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Sooner than he should take me unto wife,
I'd seek my death by poison !

MARGARET. That is badly said.

IOLA (speaking violently). 'Tis MURDER either way. (Pause.) I choose my path!

MARGARET (frightened).
Think no more on this; and I will try
What my old wits can do, my pretty lamb.

IOLA (throws her arms around Margaret's neck).
Dear nurse—my own, good, kind, old, gentle nurse!
Ha ! ha! I knew so very well! Ha! ha!
Sweet nurse—you 'd not consent to this !

You fond and coaxing little girl !
How the thunder roars !


Oh! what's the storm without to that within !

(Folds her hands over her bosom.) Did Master Grimes appoint the day in which He should return ?

Not the very day.

Oh! my father; would you were near me now!

And when he comes; good by to poor Adele !
Her merry tales—her songs of love and death-
Her fortune-telling—and to all our sport ! (Knock.)

IOLA (clapping her hands). Adele! Adele! The door-the door!

(Margaret opens the door, L. H. U. E.) I am so glad to see you !

(Enter Adele.)

ADELE (advancing).
Dear Iola! the storm is walking earth,
Clothed with live thunder: and the white lightning
Is brushing the ground ! oh! most fearfully!

Dear, dear, how very wet you are !

(Advancing to Adele.)

IOLA. She shall change her dress !

(To Margaret.)


I thank you kindly—no.


Well you, my gentle gipsy, are as firm
As I with Sir William Stanton was this morn !
Would you had been here !

(Sits down.) ADELE (starting). Speak! speak!


0! I have been threatened, Adele! Threatened With fate most dreadful by Sir William !

ADELE (violently.--voice half breaking ). Where is he?

IOLA (rises). Ha ! how you stare ! Adele! Adele !

ADELE. Ha ! sweetest. Ha!

(Violent noise outside.)

The wind does force the doors—I'll fasten them.

(Exit Margaret.) IOLA (advancing). Think you I should make a pretty gipsy?

ADELE. Too lovely. Oh! my fair!


Then I'll try your gipsy hat. Nay, that is rude !
How dark your eyes are !


It is the light of yours which makes them so !

IOLA (takes off the hat).
Now the hat is off. Why! why!
That hair !—'t is not-'t is not like mine !

(Starting back.)


Oh, lady !-I am not what I seem !



Who art thou ?

ADELE (throwing off a cloak). I am thy lover, Iola !

(Very passionately.) IOLA (frightened-running into a corner). Art thou a man? Oh! come not near me !

LESTER (approachesIola shrinks). Lady ! how can I crave forgiveness ?


That voice—that voice! I pray you come not near me !

(Supplicating.) LESTER (gradually approaching). Oh, fear me not! Hear me! hear me! ( Spoken rapidly.) Oh, let me breathe my everlasting love, And pour my fond heart's overflowing joy To thee!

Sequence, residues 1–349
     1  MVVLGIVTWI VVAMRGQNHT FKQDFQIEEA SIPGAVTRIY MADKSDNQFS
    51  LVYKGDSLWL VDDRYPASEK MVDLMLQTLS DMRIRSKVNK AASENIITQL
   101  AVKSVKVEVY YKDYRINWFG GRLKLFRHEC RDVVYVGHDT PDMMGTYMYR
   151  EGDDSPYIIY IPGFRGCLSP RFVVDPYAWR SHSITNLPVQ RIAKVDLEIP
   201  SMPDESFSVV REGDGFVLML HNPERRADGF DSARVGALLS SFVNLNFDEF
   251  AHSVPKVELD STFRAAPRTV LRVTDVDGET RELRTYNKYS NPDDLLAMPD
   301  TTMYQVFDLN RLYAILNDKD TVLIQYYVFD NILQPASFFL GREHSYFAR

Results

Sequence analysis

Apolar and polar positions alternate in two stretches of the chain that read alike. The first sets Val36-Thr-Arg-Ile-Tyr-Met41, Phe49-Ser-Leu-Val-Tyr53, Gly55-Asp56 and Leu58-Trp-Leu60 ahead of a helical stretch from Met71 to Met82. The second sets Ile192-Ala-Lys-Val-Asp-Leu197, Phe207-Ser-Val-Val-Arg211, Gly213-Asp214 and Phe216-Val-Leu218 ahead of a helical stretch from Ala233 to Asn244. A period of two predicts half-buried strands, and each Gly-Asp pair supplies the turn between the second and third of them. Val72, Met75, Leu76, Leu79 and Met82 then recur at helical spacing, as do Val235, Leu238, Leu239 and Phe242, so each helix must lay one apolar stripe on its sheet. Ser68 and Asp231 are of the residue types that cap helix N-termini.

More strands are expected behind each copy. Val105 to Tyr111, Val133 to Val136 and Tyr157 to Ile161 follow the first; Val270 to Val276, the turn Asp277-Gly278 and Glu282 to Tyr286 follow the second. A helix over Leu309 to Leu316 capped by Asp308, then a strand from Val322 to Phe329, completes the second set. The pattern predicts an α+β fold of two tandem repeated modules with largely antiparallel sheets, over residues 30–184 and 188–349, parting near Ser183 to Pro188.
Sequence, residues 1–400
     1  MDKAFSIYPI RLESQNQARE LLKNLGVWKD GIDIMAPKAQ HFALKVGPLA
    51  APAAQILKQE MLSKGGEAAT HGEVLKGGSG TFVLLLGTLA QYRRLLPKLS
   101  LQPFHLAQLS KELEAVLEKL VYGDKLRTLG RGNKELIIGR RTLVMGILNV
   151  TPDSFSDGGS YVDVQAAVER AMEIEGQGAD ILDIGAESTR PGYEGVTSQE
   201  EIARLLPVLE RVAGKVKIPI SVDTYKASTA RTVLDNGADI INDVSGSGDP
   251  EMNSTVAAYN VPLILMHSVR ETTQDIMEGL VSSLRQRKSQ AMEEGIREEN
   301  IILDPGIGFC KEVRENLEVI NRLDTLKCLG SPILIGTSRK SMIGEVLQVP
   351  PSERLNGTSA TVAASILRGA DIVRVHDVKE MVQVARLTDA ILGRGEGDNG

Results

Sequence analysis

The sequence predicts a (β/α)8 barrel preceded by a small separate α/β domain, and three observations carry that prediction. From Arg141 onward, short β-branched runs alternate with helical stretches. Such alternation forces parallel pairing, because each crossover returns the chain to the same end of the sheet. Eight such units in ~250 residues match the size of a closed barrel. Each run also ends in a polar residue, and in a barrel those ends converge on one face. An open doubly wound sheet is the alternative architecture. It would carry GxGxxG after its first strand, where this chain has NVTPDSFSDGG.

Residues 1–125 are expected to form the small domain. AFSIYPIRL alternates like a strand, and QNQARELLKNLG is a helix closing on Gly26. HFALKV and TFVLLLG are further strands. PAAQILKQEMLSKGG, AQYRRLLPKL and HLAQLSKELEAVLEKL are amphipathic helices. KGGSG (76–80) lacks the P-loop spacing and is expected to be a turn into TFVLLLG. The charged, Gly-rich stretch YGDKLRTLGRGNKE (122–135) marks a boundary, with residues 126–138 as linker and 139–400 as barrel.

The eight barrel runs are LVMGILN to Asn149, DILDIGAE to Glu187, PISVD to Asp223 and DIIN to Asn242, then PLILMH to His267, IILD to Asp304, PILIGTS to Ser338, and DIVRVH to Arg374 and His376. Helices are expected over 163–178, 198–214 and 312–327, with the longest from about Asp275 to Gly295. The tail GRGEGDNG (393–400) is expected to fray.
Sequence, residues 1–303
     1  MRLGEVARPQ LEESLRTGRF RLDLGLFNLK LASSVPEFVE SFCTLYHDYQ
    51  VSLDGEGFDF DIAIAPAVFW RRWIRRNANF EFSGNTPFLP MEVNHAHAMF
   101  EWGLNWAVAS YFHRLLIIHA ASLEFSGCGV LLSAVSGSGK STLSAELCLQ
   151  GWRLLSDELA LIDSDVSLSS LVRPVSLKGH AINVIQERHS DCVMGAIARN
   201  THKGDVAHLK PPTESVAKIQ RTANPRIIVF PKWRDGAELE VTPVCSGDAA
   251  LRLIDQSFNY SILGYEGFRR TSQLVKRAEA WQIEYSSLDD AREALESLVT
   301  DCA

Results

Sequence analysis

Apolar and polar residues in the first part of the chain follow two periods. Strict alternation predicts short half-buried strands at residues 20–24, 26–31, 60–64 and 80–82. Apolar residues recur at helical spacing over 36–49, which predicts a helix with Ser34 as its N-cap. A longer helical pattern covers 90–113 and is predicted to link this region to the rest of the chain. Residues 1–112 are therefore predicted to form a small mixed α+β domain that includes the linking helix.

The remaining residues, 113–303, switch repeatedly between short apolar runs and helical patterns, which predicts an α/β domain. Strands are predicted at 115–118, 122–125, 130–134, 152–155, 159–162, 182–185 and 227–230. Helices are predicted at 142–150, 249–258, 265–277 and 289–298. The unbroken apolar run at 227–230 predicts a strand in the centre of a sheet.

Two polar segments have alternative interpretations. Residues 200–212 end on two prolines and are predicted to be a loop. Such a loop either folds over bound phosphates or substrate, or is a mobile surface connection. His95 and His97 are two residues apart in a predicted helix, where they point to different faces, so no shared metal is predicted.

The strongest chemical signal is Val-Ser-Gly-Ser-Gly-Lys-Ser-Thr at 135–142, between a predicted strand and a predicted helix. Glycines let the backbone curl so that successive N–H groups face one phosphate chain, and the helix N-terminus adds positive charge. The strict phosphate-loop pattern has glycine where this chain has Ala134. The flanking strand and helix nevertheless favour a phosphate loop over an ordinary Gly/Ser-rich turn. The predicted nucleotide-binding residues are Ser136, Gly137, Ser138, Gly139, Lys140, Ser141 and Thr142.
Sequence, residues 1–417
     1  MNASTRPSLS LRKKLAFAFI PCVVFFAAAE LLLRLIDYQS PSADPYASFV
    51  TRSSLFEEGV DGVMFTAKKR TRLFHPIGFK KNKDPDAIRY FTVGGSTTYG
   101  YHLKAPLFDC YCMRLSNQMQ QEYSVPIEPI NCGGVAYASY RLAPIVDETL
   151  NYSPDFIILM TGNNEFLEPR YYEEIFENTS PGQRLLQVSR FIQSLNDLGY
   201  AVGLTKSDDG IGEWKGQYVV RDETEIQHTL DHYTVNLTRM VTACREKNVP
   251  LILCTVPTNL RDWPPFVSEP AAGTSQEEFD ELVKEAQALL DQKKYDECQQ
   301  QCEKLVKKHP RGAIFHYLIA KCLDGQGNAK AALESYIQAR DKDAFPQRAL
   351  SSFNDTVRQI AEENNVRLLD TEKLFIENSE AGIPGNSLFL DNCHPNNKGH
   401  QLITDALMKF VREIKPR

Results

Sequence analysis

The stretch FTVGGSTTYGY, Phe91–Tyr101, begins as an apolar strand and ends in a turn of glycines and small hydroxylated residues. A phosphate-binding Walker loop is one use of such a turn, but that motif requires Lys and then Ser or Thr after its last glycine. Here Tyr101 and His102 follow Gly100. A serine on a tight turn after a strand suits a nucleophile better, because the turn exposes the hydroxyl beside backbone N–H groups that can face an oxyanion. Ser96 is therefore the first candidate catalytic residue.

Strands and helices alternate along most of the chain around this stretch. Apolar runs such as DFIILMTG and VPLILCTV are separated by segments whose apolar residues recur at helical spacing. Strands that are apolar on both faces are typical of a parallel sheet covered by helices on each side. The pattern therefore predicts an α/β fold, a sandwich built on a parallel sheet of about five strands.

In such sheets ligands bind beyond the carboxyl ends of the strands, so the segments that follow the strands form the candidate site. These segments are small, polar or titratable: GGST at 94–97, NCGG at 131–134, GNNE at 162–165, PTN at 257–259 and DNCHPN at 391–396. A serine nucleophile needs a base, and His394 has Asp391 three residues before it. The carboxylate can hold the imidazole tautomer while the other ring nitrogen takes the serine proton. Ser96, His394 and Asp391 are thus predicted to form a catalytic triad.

(Noises outside. Voices heard.)

IOLA (starting). That voice! (Lester draws himself up in an attitude

of determination, one arm being around

Iola's waist.)

VOICE ( outside in flat). I 'll burst the door!

(Violent noise.) (Iola disengages herself from Lester, and

Lester advances to the door.)


My father's voice !-I'm lost !


My life is thine!

(The door is burst open. Enter Grimes.)

GRIMES (pointing to dress on floor).
What masqueradings here?
Who art Thou? Die, ruffian !

(Draws dagger and rushes at him.) IOLA (rushes to her father and clings to him). Spare him! Kill me!-kill me!

(Form picture. Pause.)


Who are you, sir ? Ha! that face !


Master Grimes—I love your daughter!

GRIMES (to Iola). Madam ! what is 't I hear?


Father! I LOVE him !


Most noble girl!

False-hearted child-thou hast deceived me.

She has not, Master Grimes,
For I am the deceiver--1, alone!
In yon disguise, good Master Grimes, I came
The very evening you the journey took ;
And with a little basket on my arm,
And harmless stories resting on my tongue,
I gained th' admission here which you refused.
And now, I've won her heart, good Master Grimes,

(Taking Iola's hand, and kissing it-Iola is on a chair.)
Give your consent: for never, 'till within
A space of time too small to name, was she
Aware I was not what I seemed. Good sir,
Your pardon, and your blessing !


Rise, sir—my daughter's hand is yours.
I shall expect you here to-morrow morn
To claim her as your wife! Good night. (Going.)
Poor credulous fools. (Aside.)

(Exit Grimes, R. H. V. E.)
LESTER (advancing to lola).
What! not a word
To bid bright hope rise o'er my aching heart ?
Speak-speak, oh! speak! give breathing utterance,
Nor let the ruby portal of thy thoughts
Keep thoughts its prisoner !
Dost weep ?-Dost weep, my fairest ? Oh, those tears
Which course the marble of thy bloodless cheeks
Are to my heart as fire! Speak—speak! Oh, speak !

IOLA. 'Tis past belief; and yet not past the truth !

My sweetest !

Oh, I am lost-for ever, ever, lost!
Beneath the icy coldness of his speech
A fire more furious than Vesuvius burns !
How that dread eye glared on me!


My loved one! thy great fears do magnify
The evil!
For Master Grimes has given thee to me!
And what care I for that the world can do,
When thy sweet eyes are more than worlds to me!

What is your name?

LESTER. Tis Lester Burton.

IOLA. Oh, you

have once deceived me ! May you not again?

(Rain and thunder.)

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